Texas Study Demonstrates Need for Electronic Patient-Report Outcomes in Oncology Centers
A presentation at the 2021 American Society of Clinical Oncology Meeting demonstrated that the use of electronic patient-reported outcomes in community oncology centers improved symptom-management.
The implementation of electronic patient-reported outcomes (ePRO) in community oncology clinics in Texas proved to be feasible and necessary for symptom monitoring among patients receiving chemotherapy, according to a poster presentation at the 2021 ASCO Annual Meeting.
The study noted that utilization of ePROS began high and began to diminish, calling for health care providers to address barriers and optimize compliance.
A collaborative 2-part study between Texas Oncology and Navigating Cancer demonstrated that symptom-management times can be improved through the utilization of digital health care tools and real-time clinical informatics. While the COVID-19 pandemic placed limitations on complete implementations, it also exacerbated the need for modernized communication between patients and health care providers. The results of this study support the use of ePROS to improve symptom management in routine clinical oncology care.
“ePRO symptom management has been shown to be effective in improving outcomes. Pivotal data that showed a reduction in health care resource utilization and improved survival in the academic setting is compelling to promote use,” described Debra Patt, MD, PHD, MBA, FASCO, executive vice-president of Texas Oncology, during a virtual presentation of the poster. “Community oncology practices are well-positioned to replicate these outcomes but have yet to be studied at scale.”
Prior to implementation, Navigating Cancer’s implementation specialist and organizational operation leaders collaborated to prepare a training and rollout plan. The specialist then educated clinical teams via recorded virtual sessions which will continue to be made available to staff for future use.
Upon initiating new systematic therapy for cancer diagnoses, Patients were invited to enroll in the Navigating Cancer ePRO platform.A clinical team introduced patients to the digital monitoring program and provided educational materials. Once patients authorized enrollment, they had access to additional guidance though the electronic interface.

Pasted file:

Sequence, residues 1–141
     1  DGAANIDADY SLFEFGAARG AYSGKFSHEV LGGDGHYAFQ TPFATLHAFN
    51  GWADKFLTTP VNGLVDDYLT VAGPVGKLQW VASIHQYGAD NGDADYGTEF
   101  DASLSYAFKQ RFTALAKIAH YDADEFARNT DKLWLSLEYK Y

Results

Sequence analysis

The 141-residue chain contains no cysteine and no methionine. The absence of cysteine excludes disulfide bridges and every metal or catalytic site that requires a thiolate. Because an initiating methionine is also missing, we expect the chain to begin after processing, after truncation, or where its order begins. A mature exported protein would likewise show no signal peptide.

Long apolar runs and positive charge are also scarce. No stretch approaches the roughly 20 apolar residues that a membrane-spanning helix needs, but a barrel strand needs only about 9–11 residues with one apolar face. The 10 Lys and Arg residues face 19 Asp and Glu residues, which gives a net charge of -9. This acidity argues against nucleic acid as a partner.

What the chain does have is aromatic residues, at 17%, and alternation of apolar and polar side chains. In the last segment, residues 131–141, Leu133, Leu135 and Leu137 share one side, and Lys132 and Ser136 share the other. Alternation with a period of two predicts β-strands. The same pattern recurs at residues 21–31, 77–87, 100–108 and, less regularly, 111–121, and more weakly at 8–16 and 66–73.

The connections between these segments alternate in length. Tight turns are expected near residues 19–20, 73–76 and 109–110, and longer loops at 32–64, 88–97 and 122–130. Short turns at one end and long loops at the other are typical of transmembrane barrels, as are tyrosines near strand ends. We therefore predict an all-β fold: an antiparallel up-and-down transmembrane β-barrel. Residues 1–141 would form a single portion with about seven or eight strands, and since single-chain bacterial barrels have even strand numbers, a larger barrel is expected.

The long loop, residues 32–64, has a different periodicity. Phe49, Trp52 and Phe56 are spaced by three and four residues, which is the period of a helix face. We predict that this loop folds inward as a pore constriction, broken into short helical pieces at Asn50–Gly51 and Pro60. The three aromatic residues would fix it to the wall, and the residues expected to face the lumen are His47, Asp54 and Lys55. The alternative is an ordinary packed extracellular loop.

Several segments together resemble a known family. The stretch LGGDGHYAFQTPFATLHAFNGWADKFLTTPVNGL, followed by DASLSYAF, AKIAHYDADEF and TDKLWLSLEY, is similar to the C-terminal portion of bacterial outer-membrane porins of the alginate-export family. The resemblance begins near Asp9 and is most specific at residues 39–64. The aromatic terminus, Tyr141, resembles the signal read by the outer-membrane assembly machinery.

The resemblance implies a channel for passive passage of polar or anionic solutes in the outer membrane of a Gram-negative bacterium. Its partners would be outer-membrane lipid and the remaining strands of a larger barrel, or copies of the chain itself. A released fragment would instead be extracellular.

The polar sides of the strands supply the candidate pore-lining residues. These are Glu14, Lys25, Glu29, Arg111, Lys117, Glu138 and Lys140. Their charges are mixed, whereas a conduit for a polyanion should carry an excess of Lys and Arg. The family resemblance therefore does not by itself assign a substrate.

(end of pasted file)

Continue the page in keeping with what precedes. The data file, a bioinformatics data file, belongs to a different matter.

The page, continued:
Implementation reached across 7 Texas regions and 210 sites of service. There were weekly PRO assessments for a 6-month period, during which time, patients were observed via the ePRO health tracker. The tracker, a modified PRO CTCAE symptom instrument, included 14 of the most common cancer-related symptoms. Patients were queried about medication compliance and daily side effects. If a side effect presented itself, patients were asked to describe, in lengthier detail, the frequency of their pain and whether it interfered with their daily activities.
The majority of patients were older than 65 years, and White (73%) or non-Hispanic/Latino (75%).
Notable findings included the preference for self-reported SMS text messaging data collection as opposed to email or clinic collection: 89% of participants demonstrated a preference for SMS in comparison to email (6%) and manual collection (5%). Although compliance for participating patients remained fairly consistent, in week 10, response rates fell from 73% to 53%. Findings noted a higher compliance rate among patients undergoing oral therapy as opposed to intravenous therapy (73% vs. 61%, respectively).
Since this symptom-reporting instrument was completely implemented during the pandemic, possible compliance barriers could be the result of COVID-19: lack of caregiver presence, practice workflow alterations, clinician burnout, and new mental health stressors all have the capability to affect participation performance with the new technology. Furthermore, a lack of reminders or prompts for patients to respond to might also be responsible for non-reporting patients.
“We sought to understand implementation facilitators and barriers. I would say facilitators include patient and staff engagement, clinician reinforcement on the benefits of the digital monitoring program, and the ease of the use of the tool,” Patt summarized. “Although the COVID-19 pandemic introduced barriers to implementation, it also accelerated the need for modernization of communication between patients and clinicians. Utilization of real-time clinical informatics and digital health care tools can help provide just-in-time symptom management.”
“Most importantly,” Patt added, “implementation of ePROs for symptom monitoring across a large, multisite statewide cancer practice is feasible. And our findings support the inclusion of ePROs in routine clinical care.”
Future studies will address different populations of patients with cancer to continue optimizing the program. Symptom alert enhancements will also seek to strengthen patient engagement and discourage staff fatigue.
Patt DA, Wilfong LS, Hudson KE, et al., J Clin Oncol 39, 2021 (suppl 15; abstr 12103), 10.1200/JCO.2021.39.15_suppl.12103